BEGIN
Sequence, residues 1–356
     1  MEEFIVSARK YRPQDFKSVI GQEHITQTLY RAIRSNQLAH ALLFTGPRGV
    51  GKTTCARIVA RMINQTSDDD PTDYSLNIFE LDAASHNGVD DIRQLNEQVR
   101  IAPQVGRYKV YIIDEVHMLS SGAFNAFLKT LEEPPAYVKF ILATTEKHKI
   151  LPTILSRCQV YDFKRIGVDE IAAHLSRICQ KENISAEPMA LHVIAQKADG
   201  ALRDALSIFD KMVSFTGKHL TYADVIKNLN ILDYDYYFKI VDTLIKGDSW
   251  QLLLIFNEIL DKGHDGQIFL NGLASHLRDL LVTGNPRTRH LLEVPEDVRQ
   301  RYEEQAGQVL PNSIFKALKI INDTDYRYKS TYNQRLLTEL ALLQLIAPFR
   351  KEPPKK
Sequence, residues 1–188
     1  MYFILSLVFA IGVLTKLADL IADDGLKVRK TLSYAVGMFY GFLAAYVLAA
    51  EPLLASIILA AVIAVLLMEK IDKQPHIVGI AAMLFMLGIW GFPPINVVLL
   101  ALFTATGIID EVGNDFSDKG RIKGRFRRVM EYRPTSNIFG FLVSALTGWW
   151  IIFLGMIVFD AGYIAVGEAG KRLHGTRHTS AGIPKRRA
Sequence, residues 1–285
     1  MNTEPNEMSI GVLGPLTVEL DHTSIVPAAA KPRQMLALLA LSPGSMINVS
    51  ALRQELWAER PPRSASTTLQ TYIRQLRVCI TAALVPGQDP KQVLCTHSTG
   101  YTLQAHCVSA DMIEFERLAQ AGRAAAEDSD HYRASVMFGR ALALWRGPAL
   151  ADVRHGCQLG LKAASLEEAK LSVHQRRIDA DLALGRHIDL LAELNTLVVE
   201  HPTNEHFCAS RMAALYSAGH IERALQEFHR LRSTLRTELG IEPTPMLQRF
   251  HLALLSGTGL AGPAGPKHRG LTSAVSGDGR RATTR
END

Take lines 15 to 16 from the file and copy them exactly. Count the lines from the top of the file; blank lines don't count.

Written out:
Sequence, residues 1–285
     1  MNTEPNEMSI GVLGPLTVEL DHTSIVPAAA KPRQMLALLA LSPGSMINVS